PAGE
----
The Trojan Church and Mind Control

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Some of you may be familiar with the words “Trojan horse.” It was a strategy of infiltration devised by the ancient Greeks to defeat the Trojans.

Both the Greeks and Trojans were good fighters, and after series of wars, it began to look as if neither side could ever win the war. Then the Greeks thought of a trick. They started building a horse of wood. It became bigger and bigger.

The Trojans, watching from the top of their city wall, were puzzled. Why would the Greek soldiers spend their time building this giant wooden horse? One morning, the Trojans looked down from their wall and saw that the Greek Army had gone away. They saw no Greek soldier nor army tents. All they saw was the strange horse outside their gate.

The Trojans liked this beautiful wooden horse and they pulled it inside their walls. They thought the war was over, so they put their swords and spears away. They sang and danced around the horse and held a big party.

But when they all went to sleep, the tough Greek soldiers hiding in the wooden horse crept out and opened the gate of Troy to all the soldiers from their warships close by. Before the Trojans knew what was happening, the city of Troy was captured.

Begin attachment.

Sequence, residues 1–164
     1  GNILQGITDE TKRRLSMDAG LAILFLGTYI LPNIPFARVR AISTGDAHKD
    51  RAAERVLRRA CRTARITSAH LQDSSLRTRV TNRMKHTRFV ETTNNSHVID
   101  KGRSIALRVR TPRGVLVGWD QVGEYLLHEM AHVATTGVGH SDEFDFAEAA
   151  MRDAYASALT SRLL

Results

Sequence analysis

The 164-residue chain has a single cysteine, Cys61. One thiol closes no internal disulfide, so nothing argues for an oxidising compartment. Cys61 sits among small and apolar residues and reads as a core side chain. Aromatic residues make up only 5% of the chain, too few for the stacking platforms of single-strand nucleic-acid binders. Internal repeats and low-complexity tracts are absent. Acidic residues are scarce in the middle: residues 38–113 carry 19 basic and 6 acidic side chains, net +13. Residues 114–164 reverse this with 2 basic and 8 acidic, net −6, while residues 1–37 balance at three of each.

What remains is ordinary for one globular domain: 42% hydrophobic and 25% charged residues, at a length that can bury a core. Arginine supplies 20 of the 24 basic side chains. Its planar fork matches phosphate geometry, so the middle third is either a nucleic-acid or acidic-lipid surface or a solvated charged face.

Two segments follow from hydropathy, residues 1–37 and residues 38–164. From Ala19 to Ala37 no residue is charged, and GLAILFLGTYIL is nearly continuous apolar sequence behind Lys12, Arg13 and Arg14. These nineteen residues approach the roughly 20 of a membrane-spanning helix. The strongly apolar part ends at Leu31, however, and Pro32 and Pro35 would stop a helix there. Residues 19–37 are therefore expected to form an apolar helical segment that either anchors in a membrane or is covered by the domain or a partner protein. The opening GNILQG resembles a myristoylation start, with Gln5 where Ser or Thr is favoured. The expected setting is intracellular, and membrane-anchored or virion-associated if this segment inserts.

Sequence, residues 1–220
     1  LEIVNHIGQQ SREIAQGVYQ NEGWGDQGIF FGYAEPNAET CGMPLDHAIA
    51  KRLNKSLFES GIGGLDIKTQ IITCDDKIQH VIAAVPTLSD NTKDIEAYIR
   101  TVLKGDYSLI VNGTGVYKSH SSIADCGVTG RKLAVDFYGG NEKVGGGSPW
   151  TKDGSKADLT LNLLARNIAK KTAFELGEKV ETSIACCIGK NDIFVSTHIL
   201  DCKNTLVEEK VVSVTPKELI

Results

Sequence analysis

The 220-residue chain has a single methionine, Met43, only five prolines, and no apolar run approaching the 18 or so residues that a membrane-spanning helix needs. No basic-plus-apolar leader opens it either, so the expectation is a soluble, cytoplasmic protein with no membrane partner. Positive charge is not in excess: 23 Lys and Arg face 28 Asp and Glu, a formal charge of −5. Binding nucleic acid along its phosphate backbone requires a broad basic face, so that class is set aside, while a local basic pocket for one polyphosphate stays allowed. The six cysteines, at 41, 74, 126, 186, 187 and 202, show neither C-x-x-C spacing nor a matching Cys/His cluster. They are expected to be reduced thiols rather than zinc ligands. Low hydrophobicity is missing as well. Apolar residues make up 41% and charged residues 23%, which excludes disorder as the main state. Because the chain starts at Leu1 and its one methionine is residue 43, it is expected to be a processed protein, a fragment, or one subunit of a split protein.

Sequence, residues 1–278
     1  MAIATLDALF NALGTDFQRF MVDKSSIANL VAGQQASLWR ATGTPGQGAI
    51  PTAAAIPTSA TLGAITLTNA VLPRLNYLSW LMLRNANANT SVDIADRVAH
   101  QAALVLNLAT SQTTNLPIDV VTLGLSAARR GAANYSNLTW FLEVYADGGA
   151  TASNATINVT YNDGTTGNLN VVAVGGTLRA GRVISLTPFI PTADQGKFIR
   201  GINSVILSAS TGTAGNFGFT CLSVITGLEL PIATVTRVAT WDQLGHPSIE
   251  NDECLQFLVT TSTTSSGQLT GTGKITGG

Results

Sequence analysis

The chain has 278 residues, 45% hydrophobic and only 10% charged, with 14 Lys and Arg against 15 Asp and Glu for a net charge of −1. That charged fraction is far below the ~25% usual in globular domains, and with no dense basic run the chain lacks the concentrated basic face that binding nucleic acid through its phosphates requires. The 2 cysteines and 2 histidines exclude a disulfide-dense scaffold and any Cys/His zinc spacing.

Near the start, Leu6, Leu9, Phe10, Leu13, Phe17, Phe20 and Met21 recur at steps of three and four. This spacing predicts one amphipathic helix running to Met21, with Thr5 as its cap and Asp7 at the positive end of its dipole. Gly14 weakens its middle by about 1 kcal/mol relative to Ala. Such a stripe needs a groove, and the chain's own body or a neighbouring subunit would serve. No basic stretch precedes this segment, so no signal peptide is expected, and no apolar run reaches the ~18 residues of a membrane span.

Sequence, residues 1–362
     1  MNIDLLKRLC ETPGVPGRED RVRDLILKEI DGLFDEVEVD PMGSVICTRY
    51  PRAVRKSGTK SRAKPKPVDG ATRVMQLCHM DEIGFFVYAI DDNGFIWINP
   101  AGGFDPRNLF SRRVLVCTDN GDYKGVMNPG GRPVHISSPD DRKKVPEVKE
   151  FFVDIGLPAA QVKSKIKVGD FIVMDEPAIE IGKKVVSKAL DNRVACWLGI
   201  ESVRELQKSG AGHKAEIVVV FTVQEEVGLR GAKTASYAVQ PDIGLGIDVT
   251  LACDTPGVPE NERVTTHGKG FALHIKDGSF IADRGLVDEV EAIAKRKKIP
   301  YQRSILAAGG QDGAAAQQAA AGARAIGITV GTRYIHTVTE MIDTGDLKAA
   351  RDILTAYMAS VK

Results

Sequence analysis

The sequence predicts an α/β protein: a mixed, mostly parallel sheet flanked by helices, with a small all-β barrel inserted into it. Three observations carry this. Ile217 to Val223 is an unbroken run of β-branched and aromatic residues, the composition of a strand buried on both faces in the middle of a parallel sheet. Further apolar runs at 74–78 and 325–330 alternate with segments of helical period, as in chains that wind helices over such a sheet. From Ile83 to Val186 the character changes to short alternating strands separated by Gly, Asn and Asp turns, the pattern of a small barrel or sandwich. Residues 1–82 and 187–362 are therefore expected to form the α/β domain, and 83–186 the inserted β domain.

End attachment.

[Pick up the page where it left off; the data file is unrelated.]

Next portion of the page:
After reading several apologetic penned by Christians on the Fatoyinbo sexual assault case, it dawned on me that in the midst of these rationalizations, there has been a paradigm shift in our brand of Christianity. A shift from a Christ-centred Christianity to a man-centred, bastardized form of Christianity.

From what I observed, the efforts of the believers arguing that the rape allegations against the pastor are false were nonetheless geared toward defending a human personality. It wasn’t about a quest for truth, it was more about upholding a dogma.

They are more concerned with a man’s public image than the broken state of his victims. It doesn’t matter what he has done, he just has to emerge spotless and glowing, or their entire Christian faith crumbles like a pile of pixie dust!

Their train of thought seems to follow these assumptions:

1. Pastor Biodun = Jesus Christ
2. COZA = Kingdom of God
3. Pastor Biodun’s sermons = the gospel
4. Pastor Biodun’s defenders = the children of Light
5. Pastor Biodun’s accusers = part of the devil’s gang opposed to #1-4.

One thing I want us to know is that the Holy Spirit always glorifies Jesus (John 16:14). He doesn’t glorify a human personality or a church. And no where in the Bible is a local church equated to God’s kingdom.